Minister Bobnar attends meeting of Home Affairs Ministers in Luxembourg
In the morning, the ministers discussed migration and asylum. They largely agreed on a gradual approach to the Pact, which will be worked on by the incoming Presidency. France tested the support among ministers for adopting a general approach on the Screening Regulation and the Regulation on the Establishment of Eurodac. Several ministers expressed support for a declaration defining relocation as an expression of solidarity. These countries will voluntarily participate in the relocation and the French Presidency expects them to announce their quotas soon.
The situation in Ukraine and the review of the implementation of the Ten-Point Plan endorsed by the Council in March this year were also on the agenda of the interior ministers. The humanitarian aspect and the care of displaced persons remain at the forefront of Member States' activities, while the security aspect is also of paramount importance. "Although we have not yet detected an increase in the presence of illegal weapons or their smuggling in Slovenia as a result of the war in Ukraine, we are actively monitoring the situation," explained Bobnar and added that we needed to take decisive and effective action at the EU level to prevent this from happening. In Slovenia, we have also stepped up our preventive activities in cooperation with civil society and NGOs to prevent trafficking in human beings.
Before lunch, the ministers met in the Schengen Council format and held an exchange of views on key issues related to the state of play in the Schengen area, including on the basis of the European Commission's report published in May, which in Slovenia's opinion provides a good basis for further political governance of the system.
“In my view, two elements are crucial for the functioning of our common area without internal border controls, namely the effective protection of the EU's external borders, with Frontex playing a key role, and the restoration of trust among Member States," stressed Bobnar. Slovenia is committed to upholding rights. She also presented the situation in Slovenia, which so far this year has accepted over 3,000 applications for international protection.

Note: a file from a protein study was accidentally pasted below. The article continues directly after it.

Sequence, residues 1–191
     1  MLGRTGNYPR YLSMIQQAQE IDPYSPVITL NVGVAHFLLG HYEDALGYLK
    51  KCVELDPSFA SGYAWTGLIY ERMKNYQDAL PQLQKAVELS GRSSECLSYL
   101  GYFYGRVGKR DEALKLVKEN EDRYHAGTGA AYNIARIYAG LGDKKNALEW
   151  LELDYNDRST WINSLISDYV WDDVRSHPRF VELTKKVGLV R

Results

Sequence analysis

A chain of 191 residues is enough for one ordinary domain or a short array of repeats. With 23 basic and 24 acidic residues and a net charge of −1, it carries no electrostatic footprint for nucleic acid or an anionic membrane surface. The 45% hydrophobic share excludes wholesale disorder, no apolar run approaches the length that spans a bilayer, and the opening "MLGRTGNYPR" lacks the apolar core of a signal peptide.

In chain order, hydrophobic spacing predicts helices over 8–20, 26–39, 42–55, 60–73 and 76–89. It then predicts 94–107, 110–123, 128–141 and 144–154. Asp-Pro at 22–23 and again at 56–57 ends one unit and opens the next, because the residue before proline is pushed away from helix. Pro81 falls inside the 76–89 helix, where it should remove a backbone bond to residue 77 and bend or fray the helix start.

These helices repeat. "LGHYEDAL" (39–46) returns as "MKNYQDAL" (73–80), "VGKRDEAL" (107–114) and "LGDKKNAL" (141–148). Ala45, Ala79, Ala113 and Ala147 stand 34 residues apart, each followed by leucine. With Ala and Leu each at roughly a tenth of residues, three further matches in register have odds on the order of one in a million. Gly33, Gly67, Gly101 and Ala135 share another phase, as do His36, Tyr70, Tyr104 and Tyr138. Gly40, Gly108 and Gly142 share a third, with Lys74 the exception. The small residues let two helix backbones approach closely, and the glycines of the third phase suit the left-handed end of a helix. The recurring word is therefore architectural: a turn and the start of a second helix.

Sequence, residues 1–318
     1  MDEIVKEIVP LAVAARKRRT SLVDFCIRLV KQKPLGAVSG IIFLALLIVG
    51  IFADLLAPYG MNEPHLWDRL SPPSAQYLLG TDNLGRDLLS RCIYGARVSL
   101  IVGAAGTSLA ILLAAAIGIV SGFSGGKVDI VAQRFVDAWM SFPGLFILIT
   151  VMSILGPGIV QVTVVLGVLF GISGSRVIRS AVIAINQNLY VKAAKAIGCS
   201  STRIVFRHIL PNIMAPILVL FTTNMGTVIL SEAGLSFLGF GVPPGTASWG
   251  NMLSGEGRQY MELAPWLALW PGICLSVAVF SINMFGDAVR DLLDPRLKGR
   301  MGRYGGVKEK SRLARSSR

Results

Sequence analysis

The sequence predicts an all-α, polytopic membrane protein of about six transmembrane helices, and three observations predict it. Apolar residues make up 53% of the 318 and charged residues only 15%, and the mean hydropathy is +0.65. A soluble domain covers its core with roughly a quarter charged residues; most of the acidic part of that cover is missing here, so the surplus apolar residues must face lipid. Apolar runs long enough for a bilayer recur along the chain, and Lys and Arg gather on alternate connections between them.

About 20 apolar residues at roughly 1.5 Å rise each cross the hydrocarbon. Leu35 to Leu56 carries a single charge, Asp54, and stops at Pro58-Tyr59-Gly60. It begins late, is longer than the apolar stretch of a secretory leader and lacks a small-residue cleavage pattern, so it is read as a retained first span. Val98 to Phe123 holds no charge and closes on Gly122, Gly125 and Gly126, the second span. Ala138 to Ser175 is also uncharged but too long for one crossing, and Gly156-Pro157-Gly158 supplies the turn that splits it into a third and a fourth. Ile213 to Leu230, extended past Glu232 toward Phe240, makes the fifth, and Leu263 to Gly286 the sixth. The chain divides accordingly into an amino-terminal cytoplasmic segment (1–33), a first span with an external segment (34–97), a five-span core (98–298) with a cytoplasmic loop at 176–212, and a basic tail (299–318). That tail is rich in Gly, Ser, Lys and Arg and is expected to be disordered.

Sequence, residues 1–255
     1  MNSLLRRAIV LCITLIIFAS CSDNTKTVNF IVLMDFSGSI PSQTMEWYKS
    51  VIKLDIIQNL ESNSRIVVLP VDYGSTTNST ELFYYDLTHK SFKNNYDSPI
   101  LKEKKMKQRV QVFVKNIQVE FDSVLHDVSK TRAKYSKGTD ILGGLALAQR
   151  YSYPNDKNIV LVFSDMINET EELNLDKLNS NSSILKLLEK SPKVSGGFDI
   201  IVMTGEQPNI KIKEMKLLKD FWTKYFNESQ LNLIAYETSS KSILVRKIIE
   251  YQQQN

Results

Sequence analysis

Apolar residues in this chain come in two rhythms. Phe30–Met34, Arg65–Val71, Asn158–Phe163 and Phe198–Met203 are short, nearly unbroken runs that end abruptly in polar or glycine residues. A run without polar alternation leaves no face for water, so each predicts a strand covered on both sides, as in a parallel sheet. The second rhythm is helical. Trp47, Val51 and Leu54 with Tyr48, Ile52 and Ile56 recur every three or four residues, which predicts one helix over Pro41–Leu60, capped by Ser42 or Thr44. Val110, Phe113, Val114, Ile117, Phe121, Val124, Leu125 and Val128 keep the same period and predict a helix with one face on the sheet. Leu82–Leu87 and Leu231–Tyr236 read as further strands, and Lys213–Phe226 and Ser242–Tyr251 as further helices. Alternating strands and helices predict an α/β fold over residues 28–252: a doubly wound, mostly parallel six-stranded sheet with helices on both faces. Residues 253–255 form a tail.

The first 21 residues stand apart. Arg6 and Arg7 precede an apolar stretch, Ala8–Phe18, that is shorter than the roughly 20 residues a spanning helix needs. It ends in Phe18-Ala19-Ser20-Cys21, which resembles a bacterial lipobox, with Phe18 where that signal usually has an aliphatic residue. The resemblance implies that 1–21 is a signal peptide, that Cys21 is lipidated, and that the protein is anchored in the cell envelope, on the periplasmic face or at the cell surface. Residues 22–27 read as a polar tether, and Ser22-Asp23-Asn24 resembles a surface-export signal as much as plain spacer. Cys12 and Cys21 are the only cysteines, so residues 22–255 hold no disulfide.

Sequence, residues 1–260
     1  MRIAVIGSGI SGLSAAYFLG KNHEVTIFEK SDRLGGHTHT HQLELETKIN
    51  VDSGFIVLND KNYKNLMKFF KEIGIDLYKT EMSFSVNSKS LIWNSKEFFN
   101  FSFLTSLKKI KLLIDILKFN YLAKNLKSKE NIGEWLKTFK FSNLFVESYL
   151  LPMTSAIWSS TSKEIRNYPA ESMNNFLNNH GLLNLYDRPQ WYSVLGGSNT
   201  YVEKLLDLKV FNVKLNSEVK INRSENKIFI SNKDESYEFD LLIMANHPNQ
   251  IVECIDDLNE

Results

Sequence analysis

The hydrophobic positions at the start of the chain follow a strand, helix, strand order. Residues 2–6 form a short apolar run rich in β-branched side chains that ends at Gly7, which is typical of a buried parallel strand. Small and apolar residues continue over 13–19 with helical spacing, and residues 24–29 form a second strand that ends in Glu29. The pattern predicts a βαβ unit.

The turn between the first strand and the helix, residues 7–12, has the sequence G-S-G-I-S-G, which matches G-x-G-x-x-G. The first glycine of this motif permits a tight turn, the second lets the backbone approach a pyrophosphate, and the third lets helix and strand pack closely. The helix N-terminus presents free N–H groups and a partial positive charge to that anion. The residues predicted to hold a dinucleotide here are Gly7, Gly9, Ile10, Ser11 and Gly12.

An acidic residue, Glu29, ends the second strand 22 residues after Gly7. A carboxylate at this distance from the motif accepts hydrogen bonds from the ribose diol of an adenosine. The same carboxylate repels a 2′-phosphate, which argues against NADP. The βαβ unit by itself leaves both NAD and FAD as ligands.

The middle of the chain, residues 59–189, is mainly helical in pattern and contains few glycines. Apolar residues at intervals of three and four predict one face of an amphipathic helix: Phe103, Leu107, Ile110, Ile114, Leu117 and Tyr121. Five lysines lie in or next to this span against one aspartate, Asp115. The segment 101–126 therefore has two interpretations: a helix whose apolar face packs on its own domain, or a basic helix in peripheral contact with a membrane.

The Minister called for finding appropriate solutions to prevent secondary movements and improve return, while respecting all human rights. We also need to complete the overhaul of the legislative framework sooner rather than later, with the Regulation on the screening of third-country nationals at external border and the updated Eurodac Regulation being particularly important for Slovenia, as well as the recast Schengen Code, on which the Council has reached a mandate for negotiations with the European Parliament. The aim of the recast Code is to create a resilient and strong Schengen area, ready to meet new challenges in managing the EU's external and internal borders, and to ensure its proper functioning. The Minister said that Slovenia supported the proposal in principle, but highlighted the provision on the reinstatement of internal border controls. Slovenia does not oppose it in principle, but firmly believes that any such reinstatement must always comply with the principles of proportionality and urgency and, above all, that it must be a temporary measure, introduced only when other alternative measures have been exhausted. "I cannot therefore support a measure that is not time-limited," she said, recalling that several Member States have been maintaining internal border controls for several years, which is contrary to the fundamental principle of the Schengen area and - as the Court of Justice of the EU recently found - contrary to the existing acquis.
The Ministers also approved mandates for negotiations with the European Parliament on the proposal for a Directive on information exchange, the proposal for a Prüm Regulation and the proposal for a Regulation on the EU Drugs Agency. These are important legislative acts in the area of strengthening police cooperation and the effective exchange of information. The proposal for a Prüm Regulation, which concerns the automated data exchange for law enforcement cooperation, introduces a number of innovations, building on the achievements of the Slovenian Presidency of the Council of the EU in the area of searching for missing persons and unidentified bodies.